‘Five Women Wearing One Dress’ hits the Sumter Little Theater from March 24


From the director of ‘True Blood’ and ‘Six Feet Under’, Five Women Wearing Alan Ball’s Same Dress is a deep comedy that will have you laughing, crying, thinking and celebrating the unique minds of five eccentric women.

Set on a lavish estate in Knoxville, Tennessee, in 1993, Tracy and Scott’s wedding reception looms as five reluctant, identically dressed bridesmaids seek solace one by one in an upstairs bedroom belonging to to the bride’s sister, Meredith (Lexi Melton). As they walk in and out on their own accord, the quintet of women — engaged in conversations about relationships, sex, religious views, wealth, and societal expectations — discover that they have more in common the with each other than Tracy.

Traci Quinn, Sumter Little Theater veteran and visiting director, praises Ball, saying he’s a “master at combining light and dark humor” because each character’s unique personalities and colorful dialogue inspire them. stand out from their similar outfits. In order of appearance: Meredith, the bride’s “rebellious, weed-smoking” little sister has lived in her sister’s shadow for years; Frances (Kassidy Townley) is a fundamentalist Christian and the sweet but naive cousin of the bride. Trisha (Charlotte Drayton) is the “jaded beauty” of the bridal party who refuses to be validated by her relationship status but takes a liking to one of the groomsmen; Georgeanne (Sarah Jane Gibson) is Tracy’s high school friend whose heartbreak over her failed marriage turns her into a “burning mess”; Mindy (Morgan Edwards) is the groom’s goofy, smart, and openly gay sister who fights societal expectations of homosexuality in the South with a plate of hors d’oeuvres in her hand; and as the only male cast, Tripp (Sean Hackett) is Playboy’s charming groomsman who falls for one of the bridesmaids.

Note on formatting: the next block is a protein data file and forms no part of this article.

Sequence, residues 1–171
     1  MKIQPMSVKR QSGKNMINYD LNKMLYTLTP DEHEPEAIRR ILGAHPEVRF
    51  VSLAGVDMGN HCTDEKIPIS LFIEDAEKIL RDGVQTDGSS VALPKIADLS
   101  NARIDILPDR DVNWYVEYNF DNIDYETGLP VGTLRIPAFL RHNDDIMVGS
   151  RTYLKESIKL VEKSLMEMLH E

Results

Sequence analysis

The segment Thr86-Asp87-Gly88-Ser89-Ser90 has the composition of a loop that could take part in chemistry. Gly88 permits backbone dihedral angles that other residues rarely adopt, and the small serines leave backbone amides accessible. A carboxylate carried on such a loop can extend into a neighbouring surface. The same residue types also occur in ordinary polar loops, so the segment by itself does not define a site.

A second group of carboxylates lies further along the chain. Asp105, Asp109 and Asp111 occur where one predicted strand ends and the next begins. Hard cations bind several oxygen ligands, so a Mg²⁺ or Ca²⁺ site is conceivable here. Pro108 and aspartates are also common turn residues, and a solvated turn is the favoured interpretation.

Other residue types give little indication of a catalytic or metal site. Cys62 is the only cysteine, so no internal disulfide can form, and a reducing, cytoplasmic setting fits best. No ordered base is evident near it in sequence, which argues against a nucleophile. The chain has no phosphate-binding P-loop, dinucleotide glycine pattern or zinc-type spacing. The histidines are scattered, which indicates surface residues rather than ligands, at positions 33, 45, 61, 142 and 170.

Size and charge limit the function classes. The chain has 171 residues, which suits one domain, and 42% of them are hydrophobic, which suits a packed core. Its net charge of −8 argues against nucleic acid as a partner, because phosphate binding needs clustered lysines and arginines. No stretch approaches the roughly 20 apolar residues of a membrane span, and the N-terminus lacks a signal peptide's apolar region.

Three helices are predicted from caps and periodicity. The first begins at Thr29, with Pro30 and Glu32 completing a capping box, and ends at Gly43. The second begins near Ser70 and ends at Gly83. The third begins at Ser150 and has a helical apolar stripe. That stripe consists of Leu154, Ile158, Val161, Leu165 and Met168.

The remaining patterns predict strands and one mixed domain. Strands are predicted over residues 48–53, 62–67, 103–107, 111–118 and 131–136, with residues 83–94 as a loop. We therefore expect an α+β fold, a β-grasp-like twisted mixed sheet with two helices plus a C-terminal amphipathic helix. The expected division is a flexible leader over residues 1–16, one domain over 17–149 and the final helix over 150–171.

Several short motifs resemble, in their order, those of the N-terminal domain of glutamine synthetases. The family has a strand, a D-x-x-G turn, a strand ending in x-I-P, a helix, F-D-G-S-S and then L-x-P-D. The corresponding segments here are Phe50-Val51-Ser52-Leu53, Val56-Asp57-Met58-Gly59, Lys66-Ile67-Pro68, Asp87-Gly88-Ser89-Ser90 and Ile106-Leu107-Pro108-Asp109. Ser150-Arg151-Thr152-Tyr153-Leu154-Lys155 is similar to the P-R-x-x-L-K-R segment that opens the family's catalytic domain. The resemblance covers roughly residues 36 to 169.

Alongside veterans Melton, Drayton and Edwards, newcomers Townley, Gibson and Hackett will take the stage at the Sumter Little Theatre, bringing unquestioned life and energy to their characters. Quinn reveled in how the actors overcame the hurdles of removing their personal selves from characters who differ greatly from them while still being able to empathize with the experiences each character has endured.

“These five characters are real people. They’re real women, and they have real insides and outsides that don’t match, just like all of us do,” Quinn said. “I think it’s fabulous that half of my cast is new to the stage, and to me, that’s what community theater is all about.”

The women echoed, agreeing that it was not easy to immerse themselves in their roles. An entire character separate from themselves had to be created to do this. Townley shared that her perception of Frances changed as she came to understand the character’s emotions and passion for what she believed in, eventually “flipping the switch” a few weeks ago to become Frances on stage instead of Kassidy.

The cast hopes audiences can find similarities in the characters as they did and appreciate the humanity of each personality on stage. Drayton pointed out that the beauty of acting and what makes this show is being able to put someone else’s story in front of other people to reconcile their similarities to the characters.

For the safety of cast, crew, staff and patrons, masks are mandatory at Sumter Little Theater. Five Women Wearing the Same Dress contains strong language and discussion of sexual misconduct appropriate to the story, which may make it unsuitable for young audiences and those vulnerable to the subject matter.


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